• Milk-fed Mathom Farm goat braised with Barringwood chardonnay and local olives. The goat was served on Australia’s only commercially grown, organic quinoa tossed with quinoa leaves, olive oil and broad beans from the garden
    (2006 Barringwood Park Mill Block pinot noir)
  • Hammond Farms grass-fed Wagyu beef (marble score 6) two ways; braised shin, brisket, ribs and chuck; and forge-grilled scotch fillet with freshly grated Shima wasabi stem
    (2006 Barringwood Park Mill Block pinot noir)
  • Mixed, local vegetables – green and red cabbage, chargrilled cauliflower, baby silverbeet and nicola potatoes with Ashgrove Farmhouse butter
  • Turners Beach strawberries with goat’s yoghurt and Blue Hills Honey
    (Seven Sheds Razzamatazz; raspberry, honey, wheat ale from the keg)


The only ingredients that came from outside the north of Tassie were the salt, sugar and pepper. The lunch was $140 a head, drinks included.

Our dream was to host the event outside, in a paddock overlooking Stanley’s Nut [an ancient volcanic formation]; where you could see the water the octopus boats went out on; the island where the wagyu cattle are droved to at low tide, to feast on greener pastures; the land where the abalone farm lies.

Instead, fierce winds and the certainty of rain meant we sheltered in a wonderful old stone barn at Highfield House. In many ways, it was a blessing. Our striking location came with power, its own toilets and an ancient forge with enormous bellows to grill the meat on. We cooked for nearly 70 people, and the mood in the room seemed to suggest that it was a success. A lot of very happy punters stayed until about 6pm, including two day-trippers who just dropped by from Devonport, and quickly found themselves a room.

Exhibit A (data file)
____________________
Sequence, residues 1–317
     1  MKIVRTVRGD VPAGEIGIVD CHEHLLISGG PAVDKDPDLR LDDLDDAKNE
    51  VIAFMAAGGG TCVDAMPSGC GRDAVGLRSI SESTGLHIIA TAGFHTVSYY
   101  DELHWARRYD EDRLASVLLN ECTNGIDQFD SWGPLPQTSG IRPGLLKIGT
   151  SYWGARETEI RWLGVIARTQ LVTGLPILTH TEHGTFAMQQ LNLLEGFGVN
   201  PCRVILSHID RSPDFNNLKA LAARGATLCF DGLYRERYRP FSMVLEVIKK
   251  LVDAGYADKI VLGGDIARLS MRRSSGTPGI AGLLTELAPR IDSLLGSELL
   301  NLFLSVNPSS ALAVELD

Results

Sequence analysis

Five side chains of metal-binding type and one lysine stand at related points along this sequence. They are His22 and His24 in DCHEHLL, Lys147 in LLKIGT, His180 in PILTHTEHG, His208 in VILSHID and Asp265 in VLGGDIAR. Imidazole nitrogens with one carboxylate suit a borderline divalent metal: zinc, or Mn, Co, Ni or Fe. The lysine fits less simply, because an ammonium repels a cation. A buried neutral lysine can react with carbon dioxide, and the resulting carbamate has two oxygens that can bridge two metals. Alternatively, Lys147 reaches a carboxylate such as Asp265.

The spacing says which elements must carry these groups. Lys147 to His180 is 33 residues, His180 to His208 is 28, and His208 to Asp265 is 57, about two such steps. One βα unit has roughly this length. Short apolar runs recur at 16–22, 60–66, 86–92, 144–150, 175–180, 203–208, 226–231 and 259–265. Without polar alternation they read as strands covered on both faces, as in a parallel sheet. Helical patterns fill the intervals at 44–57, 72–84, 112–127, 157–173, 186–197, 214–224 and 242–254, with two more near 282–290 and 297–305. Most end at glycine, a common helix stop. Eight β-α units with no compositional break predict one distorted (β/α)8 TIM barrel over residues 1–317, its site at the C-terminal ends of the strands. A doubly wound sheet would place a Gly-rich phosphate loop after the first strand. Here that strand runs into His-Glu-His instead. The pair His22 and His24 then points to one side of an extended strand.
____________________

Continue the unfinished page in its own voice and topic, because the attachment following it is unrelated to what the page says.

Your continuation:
What we quickly learnt is the importance and support of locals. Charlotte from The Old Cable Station put us up, lent us her licensed food preparation van and fed us a couple of breakfasts when we most needed it. Craig from T.O.P. Fish seafood (the octopus fisherman) lent us his coolroom trailer, supplied ice and more. Julian from the Stanley pub let us wash up our glasses, plates and cutlery in his commercial dishwasher after his own enormous dinner crowd had gone that evening. And let’s not forget Graham who helped us load and unload bundles of chairs and tables from the town hall. In his ute.

We even had help from outside the region. Colette from Ut Si Café in Perth, near Launceston, came up to volunteer with two of her staff – Fiona on the floor and Shireen in the kitchen – three women who saved us from certain failure. We simply showed them a naked dining room and they transformed it into a banquet hall. Or showed them a few kilograms of broad beans and returned to find them double peeled.

I’m back home, exhausted, exhilarated, and under pressure to get more done around the farm. Like parenting, the wife reckons, for a change, as she leaves our infant son behind and heads off to Sydney for a three-day break.

The next A Common Ground event is slated for Flinders Island in April. We’ll organise that once we recover from the last one. Visit A Common Ground here.